In its seventh season, UCSB’s Naked Shakes program takes on one of the playwright’s most controversial comedies, <i>The Merchant of Venice.</i>
Courtesy Photo

UCSB professor Irwin Appel makes no attempt to hide his passion for Shakespeare, and within seconds of my entering his office, he’s offering some of the insights he’s gained from seven years of teaching and directing the Bard in the university’s Naked Shakes program. “Shakespeare wrote in theatrical metaphor. You hear it most directly in Prospero’s speech at the end of The Tempest, where he refers to ‘the globe,’ clearly referencing his theater, the Globe,” he explains. “Everything he wrote had to embrace the theatrical setting as the central condition of its existence. What else would cause people to believe? When they started one of these plays outdoors at 2 o’clock in the afternoon, there were no fancy sets, no stage lighting, no amplification, and of course no electricity. So how did he make an audience believe? The answer is simple — the electricity is in the language! The writing makes the play — all of it — and that is the basic premise of Naked Shakes. It’s not festival theater, it’s not site-specific, and it’s not about imposing some directorial concept. The object here is to reveal the play and what it says. As a company we try to open up the work and reveal it and then get out of the way.”

For this season, Appel has chosen The Merchant of Venice, which presents a particular challenge due to its notorious anti-Semitism. As one would expect, Appel is not at a loss for words on this subject. “Believe me, as a Jewish person, I see the pain this text can cause, and I feel it. There’s something to the argument that says this play should not be performed after the Holocaust. But for us as a company, and especially working within the context of the university, these are the plays that matter. We don’t do A Comedy of Errors. That’s not what we are about. We want to engage with difficult issues in our work, and whatever else you may say about The Merchant of Venice, it remains clear that Shakespeare did not create cardboard heroes and villains.”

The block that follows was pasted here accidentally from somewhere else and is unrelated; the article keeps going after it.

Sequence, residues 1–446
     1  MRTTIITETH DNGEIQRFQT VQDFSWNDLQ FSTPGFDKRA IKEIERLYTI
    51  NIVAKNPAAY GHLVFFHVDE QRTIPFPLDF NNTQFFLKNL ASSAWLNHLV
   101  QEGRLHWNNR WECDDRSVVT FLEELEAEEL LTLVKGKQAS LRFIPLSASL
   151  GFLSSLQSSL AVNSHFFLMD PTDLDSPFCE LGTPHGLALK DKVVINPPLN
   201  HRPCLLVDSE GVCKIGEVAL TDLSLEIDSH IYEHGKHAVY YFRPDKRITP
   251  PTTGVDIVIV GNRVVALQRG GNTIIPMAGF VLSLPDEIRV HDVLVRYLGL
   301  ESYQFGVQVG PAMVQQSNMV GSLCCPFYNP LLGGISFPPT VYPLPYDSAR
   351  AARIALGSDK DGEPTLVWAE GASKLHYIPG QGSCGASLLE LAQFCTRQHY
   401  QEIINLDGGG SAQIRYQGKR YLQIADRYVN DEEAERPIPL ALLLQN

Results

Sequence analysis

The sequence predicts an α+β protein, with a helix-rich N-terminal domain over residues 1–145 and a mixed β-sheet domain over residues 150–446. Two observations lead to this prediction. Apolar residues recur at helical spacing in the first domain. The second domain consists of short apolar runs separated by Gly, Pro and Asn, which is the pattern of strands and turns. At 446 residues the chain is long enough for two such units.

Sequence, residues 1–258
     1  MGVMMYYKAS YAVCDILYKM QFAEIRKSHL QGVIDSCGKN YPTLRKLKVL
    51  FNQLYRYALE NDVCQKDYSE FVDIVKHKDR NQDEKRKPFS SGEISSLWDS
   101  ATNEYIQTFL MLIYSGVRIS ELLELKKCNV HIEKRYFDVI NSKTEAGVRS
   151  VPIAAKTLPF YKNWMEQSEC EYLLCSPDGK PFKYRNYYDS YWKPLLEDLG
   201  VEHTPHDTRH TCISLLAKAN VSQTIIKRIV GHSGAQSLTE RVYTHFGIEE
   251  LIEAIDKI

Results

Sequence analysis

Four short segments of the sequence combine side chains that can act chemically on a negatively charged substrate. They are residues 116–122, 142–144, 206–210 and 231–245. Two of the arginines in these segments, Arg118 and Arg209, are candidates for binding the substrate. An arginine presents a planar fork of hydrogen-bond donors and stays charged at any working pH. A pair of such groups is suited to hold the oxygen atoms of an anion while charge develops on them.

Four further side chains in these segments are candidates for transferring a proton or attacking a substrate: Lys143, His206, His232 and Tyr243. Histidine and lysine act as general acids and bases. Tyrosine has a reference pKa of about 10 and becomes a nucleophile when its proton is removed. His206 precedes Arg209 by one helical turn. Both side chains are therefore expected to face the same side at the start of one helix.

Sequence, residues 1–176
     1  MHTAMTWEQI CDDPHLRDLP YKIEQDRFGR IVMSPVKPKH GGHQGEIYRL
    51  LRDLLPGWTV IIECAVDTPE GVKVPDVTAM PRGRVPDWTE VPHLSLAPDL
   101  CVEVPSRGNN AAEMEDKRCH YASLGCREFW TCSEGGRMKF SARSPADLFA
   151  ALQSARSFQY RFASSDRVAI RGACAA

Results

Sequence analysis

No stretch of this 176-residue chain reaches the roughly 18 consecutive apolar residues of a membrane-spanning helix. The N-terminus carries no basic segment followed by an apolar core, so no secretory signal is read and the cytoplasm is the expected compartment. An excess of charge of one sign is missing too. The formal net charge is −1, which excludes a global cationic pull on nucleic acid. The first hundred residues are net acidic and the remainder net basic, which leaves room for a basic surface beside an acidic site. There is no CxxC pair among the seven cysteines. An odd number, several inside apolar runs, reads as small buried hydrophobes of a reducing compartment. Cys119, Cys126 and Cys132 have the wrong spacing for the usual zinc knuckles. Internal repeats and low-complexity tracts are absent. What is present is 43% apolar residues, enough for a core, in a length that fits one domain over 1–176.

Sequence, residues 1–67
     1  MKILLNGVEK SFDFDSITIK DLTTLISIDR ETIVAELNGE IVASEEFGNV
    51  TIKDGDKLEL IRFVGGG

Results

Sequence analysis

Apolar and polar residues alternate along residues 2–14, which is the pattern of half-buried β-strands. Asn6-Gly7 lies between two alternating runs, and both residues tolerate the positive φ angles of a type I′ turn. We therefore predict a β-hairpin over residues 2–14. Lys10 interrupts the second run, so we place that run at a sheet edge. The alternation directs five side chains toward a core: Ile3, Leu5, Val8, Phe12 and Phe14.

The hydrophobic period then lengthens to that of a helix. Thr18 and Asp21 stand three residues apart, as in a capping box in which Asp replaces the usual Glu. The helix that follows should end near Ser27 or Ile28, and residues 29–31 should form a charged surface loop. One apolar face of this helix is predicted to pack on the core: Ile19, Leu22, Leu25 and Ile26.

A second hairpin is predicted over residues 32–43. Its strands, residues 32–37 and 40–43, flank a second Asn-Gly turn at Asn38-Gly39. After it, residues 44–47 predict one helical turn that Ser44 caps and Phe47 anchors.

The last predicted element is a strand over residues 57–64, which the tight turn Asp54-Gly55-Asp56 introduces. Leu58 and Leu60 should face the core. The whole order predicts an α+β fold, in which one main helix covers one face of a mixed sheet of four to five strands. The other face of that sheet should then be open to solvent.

This production, which goes up at UCSB’s Performing Arts Theatre on Saturday and Sunday, September 8 and 9, will get an encore in another month when it is remounted downtown at Center Stage Theater as part of the 2012 Lit Moon World Shakespeare Festival. Appel waxes enthusiastic about the setup at UCSB, where, thanks to the Freshman Summer Start Program, he can offer the show for free and expect to see many young people in the seats for whom this may be their first experience with live Shakespeare or even live theater. “We will be doing talkbacks after the performances because there are issues raised by The Merchant of Venice that should be discussed. Showing the controversial nature of this work and then talking about it with students is, to my mind, exactly what a university should be doing today.”

For those who have perhaps forgotten some of what happens in a play they may not have read since high school, the moneylender Shylock gets his comeuppance after insisting in court that his debtor, Antonio, forfeit a pound of flesh to him in recompense for failing to repay a loan. Although there are many resonances with recent events — debt, risk, and the metaphor of “being underwater” all come swiftly to mind — Appel has resisted putting too much emphasis on this sort of relevance. “We didn’t want to set it on Wall Street,” he says, “because there’s too much else in terms of meaning that would be lost. This is very much about letting the play breathe and be just what it is. Everything we are doing with it is designed to preserve Shakespeare’s universality.”


Naked Shakes present The Merchant of Venice at UCSB’s Performing Arts Theatre on Saturday, September 8, at 2 and 7 p.m., and Sunday, September 9, at 2 p.m. Admission is free. Call 893-3022 for info.


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